Provide water during dry periods. If rains are poor, use a sprinkler to create rain-like irrigation every couple of weeks during the winter and early spring.

Happy gardening!

Jessie Keith

Black Gold Horticulturist

How and When Should I Plant Milkweed Seeds?

“I have some milkweed seeds and wonder when I should plant them. Should I plant now or wait until spring?” Question from Lynda of West Warwick, Rhode Island

Answer: Start milkweed (Asclepias spp.) seeds indoors in mid to late winter. The seeds of these long-lived perennials can be a little tricky to start because they require a chilling period before they will sprout. (Keep in mind that this only applies to temperate species. Tropical milkweeds, like Asclepias curassavica, don’t need stratification at all.) Here is a materials list and timeline of the steps needed to get these seeds to germinate.

Materials List

  • Milkweed seeds
  • Black Gold Seedling Mix
  • 4″ pots
  • Large, sealable plastic bags
  • Labels
  • Water
  • Seedling Trays with small pots or cell packs
  • Grow lights or sunlight


  1. Mid-Winter: Soak your seeds for half a day in lukewarm water. Sprinkle several seeds over small (4″) pots filled with moistened Black Gold Seedling Mix, and lightly cover them with additional mix. (The seeds should be placed about an inch apart. I suggest planting at least a two pots up to ensure you get at least a few seedlings.) Stick labels into each pot with the plant name and date started. Put the pots in large, sealed plastic bags, and then refrigerate them for four to six weeks. Make sure the mix remains lightly moist during this time. (This can also be done in plastic bags of lightly moist potting soil, but I find that the seeds are easier to find and manage if they are pre-potted.)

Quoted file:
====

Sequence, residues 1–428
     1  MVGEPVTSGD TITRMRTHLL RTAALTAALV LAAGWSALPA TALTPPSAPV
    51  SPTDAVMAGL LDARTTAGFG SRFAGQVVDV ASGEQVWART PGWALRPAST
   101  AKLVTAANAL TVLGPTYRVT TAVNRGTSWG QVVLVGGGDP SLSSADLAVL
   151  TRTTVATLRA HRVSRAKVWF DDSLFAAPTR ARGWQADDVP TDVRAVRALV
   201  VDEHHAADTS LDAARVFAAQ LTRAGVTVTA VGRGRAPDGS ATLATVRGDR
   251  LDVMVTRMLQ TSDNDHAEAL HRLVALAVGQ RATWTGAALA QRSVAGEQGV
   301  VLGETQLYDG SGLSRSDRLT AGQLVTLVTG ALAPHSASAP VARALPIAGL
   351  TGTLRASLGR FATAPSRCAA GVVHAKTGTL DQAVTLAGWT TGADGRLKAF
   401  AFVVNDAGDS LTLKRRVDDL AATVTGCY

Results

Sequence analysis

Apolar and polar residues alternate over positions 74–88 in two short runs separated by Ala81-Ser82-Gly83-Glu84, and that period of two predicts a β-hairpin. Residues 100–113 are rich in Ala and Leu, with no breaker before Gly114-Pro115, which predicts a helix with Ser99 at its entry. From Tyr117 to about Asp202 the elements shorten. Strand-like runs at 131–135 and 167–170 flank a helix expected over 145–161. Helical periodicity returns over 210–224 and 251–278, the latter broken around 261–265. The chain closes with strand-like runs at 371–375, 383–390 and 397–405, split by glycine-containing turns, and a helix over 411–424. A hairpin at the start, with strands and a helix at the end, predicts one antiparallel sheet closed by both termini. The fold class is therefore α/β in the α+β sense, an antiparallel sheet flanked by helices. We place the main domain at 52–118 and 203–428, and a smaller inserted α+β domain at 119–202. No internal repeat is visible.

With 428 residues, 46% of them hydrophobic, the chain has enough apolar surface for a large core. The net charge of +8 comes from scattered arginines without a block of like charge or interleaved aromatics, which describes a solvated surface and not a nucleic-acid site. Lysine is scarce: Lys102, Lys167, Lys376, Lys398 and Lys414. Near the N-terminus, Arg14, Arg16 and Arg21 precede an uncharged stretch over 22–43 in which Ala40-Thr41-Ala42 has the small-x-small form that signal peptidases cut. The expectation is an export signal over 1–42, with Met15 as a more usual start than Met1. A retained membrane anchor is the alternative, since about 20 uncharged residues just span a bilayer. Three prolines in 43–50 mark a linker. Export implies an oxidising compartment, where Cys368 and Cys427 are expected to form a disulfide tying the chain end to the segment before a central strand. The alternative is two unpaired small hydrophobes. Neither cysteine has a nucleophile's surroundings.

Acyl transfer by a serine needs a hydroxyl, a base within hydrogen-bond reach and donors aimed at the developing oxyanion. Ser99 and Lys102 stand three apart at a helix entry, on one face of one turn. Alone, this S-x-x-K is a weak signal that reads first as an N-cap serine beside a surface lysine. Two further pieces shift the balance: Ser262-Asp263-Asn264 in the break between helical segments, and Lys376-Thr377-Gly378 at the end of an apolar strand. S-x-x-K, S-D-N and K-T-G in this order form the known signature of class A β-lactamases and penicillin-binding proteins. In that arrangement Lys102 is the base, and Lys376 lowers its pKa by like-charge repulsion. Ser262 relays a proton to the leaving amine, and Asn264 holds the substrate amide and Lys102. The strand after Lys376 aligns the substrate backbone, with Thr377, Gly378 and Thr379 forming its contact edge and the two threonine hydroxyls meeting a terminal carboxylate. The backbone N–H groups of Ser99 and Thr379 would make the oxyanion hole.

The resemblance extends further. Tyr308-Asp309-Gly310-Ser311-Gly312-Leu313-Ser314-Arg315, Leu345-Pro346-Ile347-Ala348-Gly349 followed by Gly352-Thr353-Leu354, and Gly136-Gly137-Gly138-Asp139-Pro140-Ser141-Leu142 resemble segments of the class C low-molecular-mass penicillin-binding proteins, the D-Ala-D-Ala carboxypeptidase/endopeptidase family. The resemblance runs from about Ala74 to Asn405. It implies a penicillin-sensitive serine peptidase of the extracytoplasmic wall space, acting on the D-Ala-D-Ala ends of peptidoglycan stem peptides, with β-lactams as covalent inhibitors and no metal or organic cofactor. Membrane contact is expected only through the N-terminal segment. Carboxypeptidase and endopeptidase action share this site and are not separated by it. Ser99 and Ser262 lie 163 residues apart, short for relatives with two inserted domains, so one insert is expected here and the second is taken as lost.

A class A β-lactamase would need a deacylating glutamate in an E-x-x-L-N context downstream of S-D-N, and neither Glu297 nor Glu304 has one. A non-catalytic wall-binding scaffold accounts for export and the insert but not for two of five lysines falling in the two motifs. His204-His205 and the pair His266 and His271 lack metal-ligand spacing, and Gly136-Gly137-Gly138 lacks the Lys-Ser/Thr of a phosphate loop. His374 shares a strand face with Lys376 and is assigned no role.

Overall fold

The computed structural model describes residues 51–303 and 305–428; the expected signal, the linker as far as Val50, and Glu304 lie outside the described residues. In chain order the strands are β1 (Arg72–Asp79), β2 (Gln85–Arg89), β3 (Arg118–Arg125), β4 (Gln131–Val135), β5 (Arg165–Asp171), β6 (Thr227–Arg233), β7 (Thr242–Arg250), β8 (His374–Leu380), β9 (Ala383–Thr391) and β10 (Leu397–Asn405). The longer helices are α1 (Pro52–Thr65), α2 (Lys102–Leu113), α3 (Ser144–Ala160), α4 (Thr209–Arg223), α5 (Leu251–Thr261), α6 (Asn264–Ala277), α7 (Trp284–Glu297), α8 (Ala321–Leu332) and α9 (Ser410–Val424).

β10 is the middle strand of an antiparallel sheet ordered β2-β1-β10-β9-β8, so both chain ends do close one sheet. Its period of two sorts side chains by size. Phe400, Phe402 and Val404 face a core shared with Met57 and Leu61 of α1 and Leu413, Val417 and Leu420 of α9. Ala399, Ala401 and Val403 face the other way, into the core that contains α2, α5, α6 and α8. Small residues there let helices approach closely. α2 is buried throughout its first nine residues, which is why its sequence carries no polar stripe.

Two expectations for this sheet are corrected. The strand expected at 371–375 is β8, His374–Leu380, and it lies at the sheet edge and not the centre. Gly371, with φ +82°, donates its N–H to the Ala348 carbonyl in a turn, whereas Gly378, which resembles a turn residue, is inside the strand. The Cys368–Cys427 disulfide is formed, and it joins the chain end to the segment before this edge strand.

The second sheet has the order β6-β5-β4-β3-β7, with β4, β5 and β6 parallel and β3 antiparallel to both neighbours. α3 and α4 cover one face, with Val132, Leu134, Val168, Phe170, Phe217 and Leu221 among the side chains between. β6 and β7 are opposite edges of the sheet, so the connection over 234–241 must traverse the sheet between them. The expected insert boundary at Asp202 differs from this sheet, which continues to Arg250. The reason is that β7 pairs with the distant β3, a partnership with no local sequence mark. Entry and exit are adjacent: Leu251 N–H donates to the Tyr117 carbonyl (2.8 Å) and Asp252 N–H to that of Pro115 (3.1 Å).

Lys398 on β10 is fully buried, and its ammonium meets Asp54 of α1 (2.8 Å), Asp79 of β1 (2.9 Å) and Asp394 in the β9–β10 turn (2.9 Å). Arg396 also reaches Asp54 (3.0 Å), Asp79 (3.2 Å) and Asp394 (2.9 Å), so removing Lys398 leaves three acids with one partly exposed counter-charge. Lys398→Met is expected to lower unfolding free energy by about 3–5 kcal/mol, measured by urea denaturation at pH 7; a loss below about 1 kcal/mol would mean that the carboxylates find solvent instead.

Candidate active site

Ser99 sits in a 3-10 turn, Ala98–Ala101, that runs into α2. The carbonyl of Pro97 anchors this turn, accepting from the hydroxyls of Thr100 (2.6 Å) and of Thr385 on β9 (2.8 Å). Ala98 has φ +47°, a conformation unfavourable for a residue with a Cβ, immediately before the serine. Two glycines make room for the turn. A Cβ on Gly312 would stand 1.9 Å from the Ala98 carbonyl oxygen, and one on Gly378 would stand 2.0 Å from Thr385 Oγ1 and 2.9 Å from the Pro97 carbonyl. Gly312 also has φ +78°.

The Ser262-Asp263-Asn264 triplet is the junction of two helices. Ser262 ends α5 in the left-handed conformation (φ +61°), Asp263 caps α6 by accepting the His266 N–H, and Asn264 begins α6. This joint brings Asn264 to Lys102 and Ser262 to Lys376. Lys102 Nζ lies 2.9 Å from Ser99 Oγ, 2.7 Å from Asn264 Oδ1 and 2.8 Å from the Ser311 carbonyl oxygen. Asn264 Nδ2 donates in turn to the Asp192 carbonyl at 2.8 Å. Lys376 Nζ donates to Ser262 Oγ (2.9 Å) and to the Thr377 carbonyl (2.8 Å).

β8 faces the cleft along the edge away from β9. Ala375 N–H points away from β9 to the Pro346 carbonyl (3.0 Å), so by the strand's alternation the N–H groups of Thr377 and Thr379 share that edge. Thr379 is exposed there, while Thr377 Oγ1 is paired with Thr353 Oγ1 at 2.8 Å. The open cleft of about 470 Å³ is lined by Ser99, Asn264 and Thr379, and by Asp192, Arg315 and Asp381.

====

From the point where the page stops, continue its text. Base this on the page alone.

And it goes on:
2. Early Spring: Remove the pots from the refrigerator, place them in water-holding trays, and lightly water them with lukewarm water. Set them in a warm, south-facing window or beneath grow lights. I prefer to start seeds beneath grow lights. (Click here for an article with an overview of starting seeds beneath grow lights.) Lightly spray the surface soil to keep it moist. The seeds should germinate within two to three weeks. Then water intermittently to keep the pots just moist.
  3. Mid to Late Spring: Transplant the seedlings into their own small pots or into cellpacks, allow them to grow to at least several inches, harden them off, and plant them outdoors.

Click here for a full overview of transplanting and hardening off seedlings and planting them outdoors. Additionally, click here for a list of our favorite milkweeds for the garden.

Happy milkweed growing!

Jessie Keith

Black Gold Horticulturist

How Can I Prevent Damping Off When I Sow Seeds?

“How can I prevent damping off when I sow seeds?  That is my problem.” Question from Bev of Philadelphia, Pennsylvania